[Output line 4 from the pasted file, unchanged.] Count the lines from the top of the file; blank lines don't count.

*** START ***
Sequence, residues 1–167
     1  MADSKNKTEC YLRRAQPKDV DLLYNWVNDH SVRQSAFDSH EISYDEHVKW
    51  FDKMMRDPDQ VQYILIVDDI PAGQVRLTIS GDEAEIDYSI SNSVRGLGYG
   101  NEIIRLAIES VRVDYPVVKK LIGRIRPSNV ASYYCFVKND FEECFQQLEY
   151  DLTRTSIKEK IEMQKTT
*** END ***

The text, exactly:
   101  NEIIRLAIES VRVDYPVVKK LIGRIRPSNV ASYYCFVKND FEECFQQLEY